When starting a credit repair business, it is important to understand and comply with the laws that govern the credit repair industry in the United States, as well as in your particular state.
Starting a credit repair business is simple, but you risk losing it all if you don’t follow the rules and regulations. We can’t offer you legal advice, so we’ve simply gathered all the information that is readily available on federal and state laws and compiled them for you here. To learn the basics of starting a credit repair business, read on.
The Credit Repair Organizations Act (CROA) is a federal law that regulates credit repair organizations in the United States. One of the most important things the CROA did is make it illegal for credit repair organizations to make false claims.Don't worry___ it is simple to stay compliant once you get familiar with the law.
Some states have state laws regulating credit repair organizations in addition to the federal laws. Many states prohibit any payment by the client prior to the credit repair organization rendering services. Some state laws define terms and reiterate business and financial industry laws as they relate to the credit repair organizations operating within their state. You should become familiar with the state laws for each state within which your credit repair organization operates.
The Credit Repair Organizations Act (CROA) is a federal law passed in September 1996 that regulates organizations whose purpose is increasing consumer’s credit score through credit repair. This law is moderated and enforced by the Federal Trade Commission (FTC), so the FTC has the authority to close down any credit repair organizations that are operating outside the parameters of these laws (like fraudulent or illegal activities).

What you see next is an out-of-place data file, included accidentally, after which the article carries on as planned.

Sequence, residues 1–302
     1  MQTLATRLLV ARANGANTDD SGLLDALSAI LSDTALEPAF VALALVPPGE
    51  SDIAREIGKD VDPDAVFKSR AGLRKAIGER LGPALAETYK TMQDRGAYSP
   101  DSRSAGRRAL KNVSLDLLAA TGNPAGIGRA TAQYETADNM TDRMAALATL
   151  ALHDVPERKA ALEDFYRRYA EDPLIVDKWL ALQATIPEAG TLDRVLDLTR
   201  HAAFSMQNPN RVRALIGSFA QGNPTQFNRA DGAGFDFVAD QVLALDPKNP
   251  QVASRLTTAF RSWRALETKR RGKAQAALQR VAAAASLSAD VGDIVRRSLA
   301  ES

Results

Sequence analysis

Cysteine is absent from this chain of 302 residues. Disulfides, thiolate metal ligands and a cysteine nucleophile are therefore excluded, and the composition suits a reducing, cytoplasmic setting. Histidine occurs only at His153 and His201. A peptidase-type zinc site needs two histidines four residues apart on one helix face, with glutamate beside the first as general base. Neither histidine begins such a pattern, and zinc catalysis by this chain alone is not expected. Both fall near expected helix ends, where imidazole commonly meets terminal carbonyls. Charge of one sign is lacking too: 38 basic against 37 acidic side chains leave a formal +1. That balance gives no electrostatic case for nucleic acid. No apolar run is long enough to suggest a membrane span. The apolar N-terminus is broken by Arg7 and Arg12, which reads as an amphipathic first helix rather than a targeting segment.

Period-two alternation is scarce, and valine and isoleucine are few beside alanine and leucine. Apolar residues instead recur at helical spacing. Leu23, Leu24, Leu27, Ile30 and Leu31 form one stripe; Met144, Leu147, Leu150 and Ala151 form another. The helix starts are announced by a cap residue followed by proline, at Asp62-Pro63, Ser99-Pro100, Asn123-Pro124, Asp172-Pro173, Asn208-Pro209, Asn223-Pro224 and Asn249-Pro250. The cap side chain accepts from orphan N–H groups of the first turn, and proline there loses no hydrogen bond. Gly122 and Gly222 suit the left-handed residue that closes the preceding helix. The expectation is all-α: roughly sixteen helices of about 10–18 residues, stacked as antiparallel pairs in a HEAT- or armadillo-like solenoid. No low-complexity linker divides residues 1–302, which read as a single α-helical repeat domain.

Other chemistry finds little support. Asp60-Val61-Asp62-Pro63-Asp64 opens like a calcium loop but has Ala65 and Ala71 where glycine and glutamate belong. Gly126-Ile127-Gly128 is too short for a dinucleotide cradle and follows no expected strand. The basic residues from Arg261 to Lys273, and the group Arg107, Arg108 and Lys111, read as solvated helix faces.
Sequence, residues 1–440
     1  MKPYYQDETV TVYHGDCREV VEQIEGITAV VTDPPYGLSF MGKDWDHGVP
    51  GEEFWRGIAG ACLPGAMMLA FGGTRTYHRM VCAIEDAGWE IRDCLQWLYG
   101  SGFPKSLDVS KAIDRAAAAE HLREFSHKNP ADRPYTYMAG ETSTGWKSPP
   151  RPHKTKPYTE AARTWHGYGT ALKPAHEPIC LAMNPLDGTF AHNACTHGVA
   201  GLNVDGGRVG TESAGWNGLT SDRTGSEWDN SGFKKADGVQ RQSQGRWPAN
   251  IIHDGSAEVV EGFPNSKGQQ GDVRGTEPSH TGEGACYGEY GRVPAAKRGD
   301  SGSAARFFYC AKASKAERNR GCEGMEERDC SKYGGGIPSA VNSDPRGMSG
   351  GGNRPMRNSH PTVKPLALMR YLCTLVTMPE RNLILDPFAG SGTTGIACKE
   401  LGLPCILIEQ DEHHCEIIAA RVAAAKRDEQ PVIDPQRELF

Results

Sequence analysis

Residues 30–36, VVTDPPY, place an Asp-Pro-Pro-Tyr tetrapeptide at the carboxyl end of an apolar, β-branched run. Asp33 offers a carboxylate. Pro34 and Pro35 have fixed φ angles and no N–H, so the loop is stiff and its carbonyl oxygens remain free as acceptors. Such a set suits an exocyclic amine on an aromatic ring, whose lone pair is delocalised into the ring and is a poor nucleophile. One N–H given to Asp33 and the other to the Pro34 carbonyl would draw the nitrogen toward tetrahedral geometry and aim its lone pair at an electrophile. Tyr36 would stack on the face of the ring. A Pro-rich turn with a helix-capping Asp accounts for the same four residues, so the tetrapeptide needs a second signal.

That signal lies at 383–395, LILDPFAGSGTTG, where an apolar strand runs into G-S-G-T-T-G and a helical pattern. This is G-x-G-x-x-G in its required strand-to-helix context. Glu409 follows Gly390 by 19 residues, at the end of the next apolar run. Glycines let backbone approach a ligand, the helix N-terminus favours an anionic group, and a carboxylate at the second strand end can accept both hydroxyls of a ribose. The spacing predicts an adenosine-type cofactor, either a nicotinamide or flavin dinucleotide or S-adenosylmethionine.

The main sections include mandates that:
Simply put, these laws were put in place to protect people from credit repair companies using scammy business practices. As long as you’re not trying to be sketchy and scam people, you should be able to stay compliant easily!
To read the Credit Repair Organizations Act in full, visit the United States House of Representatives’ record of the act here.
A few states do require a surety bond. (At the time of this writing most states do not require a bond.) If your state does require a bond, you are not required to secure your bond from your same state.
Bonds are a minimal expense (usually under a few hundred dollars) because you order them from a bond service and pay only a small fraction of the bond yourself. A Credit Repair Services Organization Bond protects you. For more information about Credit Repair Services Organization Bonds, contact BondsExpress.
If you get your bond through a bonds service, the amount you pay will generally be 2-3% of the total bond amount (this cost varies depending
We’re not aware of a state requirement for a “credit repair license” to operate a credit repair business in the United States. However, many find getting training and a certification useful because it:
The American Credit Repair Academy offers training, resources, and credit repair certification.
Legal disclaimer: Our software products and resources offer credit information, not legal advice. We make every effort to ensure the accuracy of the information and to clearly explain your options. However, we do not provide legal advice (i.e.; the application of the law to your individual circumstances). For legal advice, please consult an attorney, your city or your state.
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